Aftermath: On Marriage and Separation, By Rachel Cusk

 

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The Independent Culture

As every reader not living under a rock now knows, the novelist Rachel Cusk has written about her separation from her husband, and the effects on her family. Passages have been reprinted, quoted, and quarrelled over so much that it is now not just a memoir but a scandal. Like Julie Myerson's book about her skunk-smoking son, it is frequently described as "brave", a journalistic euphemism for "disastrous".

The book itself is more artful and nuanced than the extracts allow; as with her previous non-fiction, personal experience gives rise to insights into works of classical literature – here, inevitably, the Oresteia. Her husband, whose accusation "Call yourself a feminist" is repeated and dissected, has given up his job as a solicitor to "help" with the care of their daughters, while the author pays the bills – and the nanny. She tells us that she wanted to deny her husband shared custody, and felt outraged at being legally obliged to support him financially. This is what feminists sign up for, and her honesty has won her few allies.

Cusk is no stranger to controversy, having published A Life's Work, an eloquent account of how, as she says in Aftermath, "I perceived in the sentimentality and narcissism of motherhood a threat to the objectivity that as a writer I valued so highly." This charge of narcissism is unintentionally comical in that every experience, from having a tooth extracted to Cusk's daughters' hamsters' inability to live together, is turned into another metaphor for the author's anguish.

Nor does her prized objectivity protect her from "surprise" at the realisation that her husband hated her for instigating their separation. Yet her pain at the wound she has dealt her daughters is genuinely lacerating. She does love her daughters; a reader questions whether, despite her accounts of trying to maintain normality, she loves them enough.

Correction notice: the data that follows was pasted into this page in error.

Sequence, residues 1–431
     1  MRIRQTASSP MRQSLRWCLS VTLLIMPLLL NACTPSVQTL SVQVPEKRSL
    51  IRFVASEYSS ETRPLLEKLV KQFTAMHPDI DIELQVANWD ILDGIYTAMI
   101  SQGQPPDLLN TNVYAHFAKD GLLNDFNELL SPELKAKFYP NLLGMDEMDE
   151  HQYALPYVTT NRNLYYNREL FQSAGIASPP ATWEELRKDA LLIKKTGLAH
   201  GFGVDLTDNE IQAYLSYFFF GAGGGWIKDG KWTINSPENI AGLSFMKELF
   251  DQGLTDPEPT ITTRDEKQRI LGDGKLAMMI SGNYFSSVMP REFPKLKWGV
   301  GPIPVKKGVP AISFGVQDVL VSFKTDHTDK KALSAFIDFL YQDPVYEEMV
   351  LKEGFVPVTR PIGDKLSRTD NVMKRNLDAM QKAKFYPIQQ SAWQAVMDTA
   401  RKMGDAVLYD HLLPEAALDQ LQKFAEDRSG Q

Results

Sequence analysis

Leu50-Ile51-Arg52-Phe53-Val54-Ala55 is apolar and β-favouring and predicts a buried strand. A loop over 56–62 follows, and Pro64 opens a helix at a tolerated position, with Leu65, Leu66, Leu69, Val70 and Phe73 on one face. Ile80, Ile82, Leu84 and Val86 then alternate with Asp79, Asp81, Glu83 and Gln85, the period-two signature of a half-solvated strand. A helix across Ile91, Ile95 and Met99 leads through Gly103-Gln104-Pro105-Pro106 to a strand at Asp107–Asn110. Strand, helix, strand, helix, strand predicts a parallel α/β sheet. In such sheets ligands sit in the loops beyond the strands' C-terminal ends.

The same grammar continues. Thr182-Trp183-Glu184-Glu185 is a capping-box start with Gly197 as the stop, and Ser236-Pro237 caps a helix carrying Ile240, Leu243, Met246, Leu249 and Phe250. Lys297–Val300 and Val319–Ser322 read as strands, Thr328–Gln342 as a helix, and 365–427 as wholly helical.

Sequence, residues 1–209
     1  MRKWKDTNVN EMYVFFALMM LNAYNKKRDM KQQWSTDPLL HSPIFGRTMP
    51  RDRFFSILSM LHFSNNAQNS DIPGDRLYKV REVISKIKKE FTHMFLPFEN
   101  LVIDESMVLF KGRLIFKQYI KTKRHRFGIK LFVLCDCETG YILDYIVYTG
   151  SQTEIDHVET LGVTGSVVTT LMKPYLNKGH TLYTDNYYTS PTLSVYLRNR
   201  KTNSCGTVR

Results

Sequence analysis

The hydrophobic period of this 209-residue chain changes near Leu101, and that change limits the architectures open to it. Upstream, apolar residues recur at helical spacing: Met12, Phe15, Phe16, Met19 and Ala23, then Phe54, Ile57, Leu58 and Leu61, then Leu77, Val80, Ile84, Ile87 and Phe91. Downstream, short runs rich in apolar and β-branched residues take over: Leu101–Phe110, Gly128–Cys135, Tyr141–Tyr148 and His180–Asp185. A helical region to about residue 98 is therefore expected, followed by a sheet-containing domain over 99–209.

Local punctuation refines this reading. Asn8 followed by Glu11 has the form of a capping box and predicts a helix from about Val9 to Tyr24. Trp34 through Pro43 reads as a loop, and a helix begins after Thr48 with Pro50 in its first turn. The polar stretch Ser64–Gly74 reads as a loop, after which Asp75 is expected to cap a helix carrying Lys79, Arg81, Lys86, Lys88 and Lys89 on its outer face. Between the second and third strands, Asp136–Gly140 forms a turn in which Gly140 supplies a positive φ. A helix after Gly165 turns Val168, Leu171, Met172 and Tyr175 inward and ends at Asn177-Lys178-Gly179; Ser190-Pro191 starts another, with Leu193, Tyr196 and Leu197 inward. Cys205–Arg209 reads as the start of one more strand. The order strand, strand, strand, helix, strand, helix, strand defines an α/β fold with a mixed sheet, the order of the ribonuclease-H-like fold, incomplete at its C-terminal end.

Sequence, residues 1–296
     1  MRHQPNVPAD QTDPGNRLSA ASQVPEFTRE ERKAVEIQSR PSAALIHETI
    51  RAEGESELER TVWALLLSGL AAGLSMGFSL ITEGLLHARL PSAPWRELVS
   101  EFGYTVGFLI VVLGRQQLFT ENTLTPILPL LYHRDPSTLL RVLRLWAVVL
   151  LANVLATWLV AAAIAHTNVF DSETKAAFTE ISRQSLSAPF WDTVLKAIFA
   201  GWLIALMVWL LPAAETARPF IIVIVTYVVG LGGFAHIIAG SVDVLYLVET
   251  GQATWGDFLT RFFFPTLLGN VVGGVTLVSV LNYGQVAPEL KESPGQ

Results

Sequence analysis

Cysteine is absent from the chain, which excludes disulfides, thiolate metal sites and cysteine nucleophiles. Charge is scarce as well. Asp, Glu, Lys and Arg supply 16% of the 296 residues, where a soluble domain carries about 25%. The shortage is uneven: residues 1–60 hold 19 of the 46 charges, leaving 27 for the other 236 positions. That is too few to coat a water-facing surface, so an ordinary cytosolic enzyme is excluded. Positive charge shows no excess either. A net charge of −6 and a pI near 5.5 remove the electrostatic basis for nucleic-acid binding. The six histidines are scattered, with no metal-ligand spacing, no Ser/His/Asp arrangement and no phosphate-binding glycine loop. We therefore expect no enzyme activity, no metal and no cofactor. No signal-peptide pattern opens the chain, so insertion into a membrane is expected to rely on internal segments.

Cusk is particularly prone to all the novelist's diseases – grandiloquence, egocentricity, and the need for control – and these do not make her an especially trustworthy or agreeable guide into the wilder shores of the human heart. Yet she also has the novelist's saving graces – honesty, courage, and the ability to depict her experiences in exquisitely crafted language. When she tells us that "my sins will not devour me but will be dutifully paid off over a lifetime in small increments, like a mortgage," the discerning reader treasures her. Her exacting, cerebral treatment of such a highly-charged subject is what makes it of literary value, revealing how one of the pitfalls of modern family life remains "the human need for war."

If the Iranians, whose reputation is almost as toxic, can win their first Oscar by portraying the break-up of a family in A Separation, Cusk is free to do the same. Part of the unease is that her experience is not mediated through fiction, and therefore involves people – especially children – who did not sign up to being players in a writer's family drama.

Ultimately, she seems to blame the "authority" of marriage as an institution rather than her husband or herself. The prurient will be disappointed, and the distressed, unenlightened. The concern for her fans is to what degree she has cannibalised herself as an artist.

Right at the end there is a short story, "Trains", showing how some of the events described in the book through the eyes of an au pair. It's a sad reminder that an author of Cusk's calibre is more true to themselves when examining the lives of others.

Amanda Craig's latest novel, 'Hearts and Minds', is published by Abacus

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